In the featured Waterdrops no. 10, 1977 (Lot 526), a true sense of clarity is manifested in the singular globular rounding of the water drops. The viewer can imagine that every drop is eventually distributed across the canvas, as if the spacing and its shadows was meticulously pre-meditated. From a scientific approach, the cohesiveness of the drops to the canvas is curious; how it is that water drops, even the larger ones do not fall in one sweeping motion to the ground, forming a large puddle? Despite the close proximity of the drops they do not gravitate towards one another but resembles a grouping of individual entities of spirited and proud beings. The compositional balance between the canvas and the paint is so complete that the viewer cannot help but initially feel visually caressed to an overall ease. Upon closer and longer observation however, the illusionism and surrealism of Kim's work floats towards the surface. The water droplets which sit tightly on the surface have firmness and a tangible gloss that makes them analogous to crystal globes which elicits associations with the healing properties of crystals, an entity also composed of water. Our knowledge of water and its scientific properties does not apply, but its metaphorical meanings certainly do.
An individual drop so perfectly vivacious and positioned brings forth a variety of narrative possibilities, an infinite contexts could have caused these drops to fall in the place that they are in: tears of joy, sadness, relief, frustration, rainfall or holy water. In reference to Kim's turbulent past in the war era, it is easily imaginable that all of those options are possibilities but regardless, it was the result of a committed creative process. By painting such pure forms of water uninhibited by contextual landscapes, we find Kim exposing his inner emotions in the most lucid manner. The transparency of each globule in Waterdrops no. 10, 1977 is specifically painted with an intense translucent yet luminescent effect to demonstrate that Kim is himself an open book, ready to be read and exposed to the peripheral viewers, perhaps in expectation that the viewer too will share his paradoxical sentiments over the war, spiritualism and beauty. In another sense, each drop resembles the individuals who fell during the Korean War, and it is their individual spirit and memory which Kim brings alive by rendering them as individuals. Like the war itself, the men and women should not be forgotten but memorialized with precision, reverence and rendered with care and magnificence. They stand resolute and are not even partially immersed into the canvas because Kim intentionally executes them so; he does not want to forget the War nor its forces despite its negative memories because fundamentally, it has also shaped Kim into the character that he is today.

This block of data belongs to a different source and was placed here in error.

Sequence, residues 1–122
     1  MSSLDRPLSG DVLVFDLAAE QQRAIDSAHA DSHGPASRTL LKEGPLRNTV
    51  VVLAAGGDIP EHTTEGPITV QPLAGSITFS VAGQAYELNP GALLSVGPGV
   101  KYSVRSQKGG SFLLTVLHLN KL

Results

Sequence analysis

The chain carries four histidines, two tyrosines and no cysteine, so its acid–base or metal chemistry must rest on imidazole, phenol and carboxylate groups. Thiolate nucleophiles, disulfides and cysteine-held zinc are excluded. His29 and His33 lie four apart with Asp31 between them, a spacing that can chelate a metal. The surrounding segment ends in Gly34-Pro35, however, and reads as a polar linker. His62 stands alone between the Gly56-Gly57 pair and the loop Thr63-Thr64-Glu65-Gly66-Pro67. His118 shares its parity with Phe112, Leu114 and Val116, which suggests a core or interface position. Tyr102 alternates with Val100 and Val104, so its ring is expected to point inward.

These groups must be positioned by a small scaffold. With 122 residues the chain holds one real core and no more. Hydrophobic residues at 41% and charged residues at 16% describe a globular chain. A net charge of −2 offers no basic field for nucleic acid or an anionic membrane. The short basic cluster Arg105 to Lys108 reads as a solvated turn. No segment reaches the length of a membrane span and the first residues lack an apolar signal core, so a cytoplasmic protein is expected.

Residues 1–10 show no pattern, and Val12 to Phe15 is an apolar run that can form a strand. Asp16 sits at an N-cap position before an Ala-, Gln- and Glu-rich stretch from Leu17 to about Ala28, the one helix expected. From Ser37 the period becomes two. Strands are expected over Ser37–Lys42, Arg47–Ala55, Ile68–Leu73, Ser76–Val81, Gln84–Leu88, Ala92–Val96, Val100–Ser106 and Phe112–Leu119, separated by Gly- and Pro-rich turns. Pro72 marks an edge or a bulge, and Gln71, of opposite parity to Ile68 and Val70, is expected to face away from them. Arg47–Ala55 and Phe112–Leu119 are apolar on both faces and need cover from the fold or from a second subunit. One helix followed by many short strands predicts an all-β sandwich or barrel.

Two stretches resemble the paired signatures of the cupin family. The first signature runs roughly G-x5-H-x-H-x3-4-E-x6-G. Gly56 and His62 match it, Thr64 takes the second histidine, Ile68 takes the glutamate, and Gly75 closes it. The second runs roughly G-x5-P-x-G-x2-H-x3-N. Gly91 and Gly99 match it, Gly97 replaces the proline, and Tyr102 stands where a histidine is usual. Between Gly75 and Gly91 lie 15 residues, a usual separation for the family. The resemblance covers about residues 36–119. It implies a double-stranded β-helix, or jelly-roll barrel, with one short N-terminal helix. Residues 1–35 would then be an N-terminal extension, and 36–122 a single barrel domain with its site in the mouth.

Waterdrops no. 10, 1977 and its water drops are a reminder of Kim's past, a life he is not willing to forget and reminisces upon fondly and cherishes. Simultaneously, the ability for the water drops to be simple, fundamental unit of life we take for granted has its symbolic significance. In a different context, the viewer may not notice the existence of such a small, insignificant thing yet Kim has brought alive this exact same thing in a new light. Kim's works strongly carries an Asian aesthetic in its visual and metaphoric significance but artists, critics of different countries were equally enthralled and taken aback by the beauty of Kim's renderings. The post modern artists in Japan, Salvador Dali in France and the notoriously critical French critic Alain Bosquet of France who also came across Kim's works as they traveled through Japan and France equally evoked optimistic remarks on the ability of Kim's works to possess qualities of realism and surrealism, of fullness and emptiness. Kim's works are magnificent in the artist's ability to use his poignant experiences and renditions in a universal language and approach, one that a diverse audience no matter what religion, artistic or political background can relate and admire.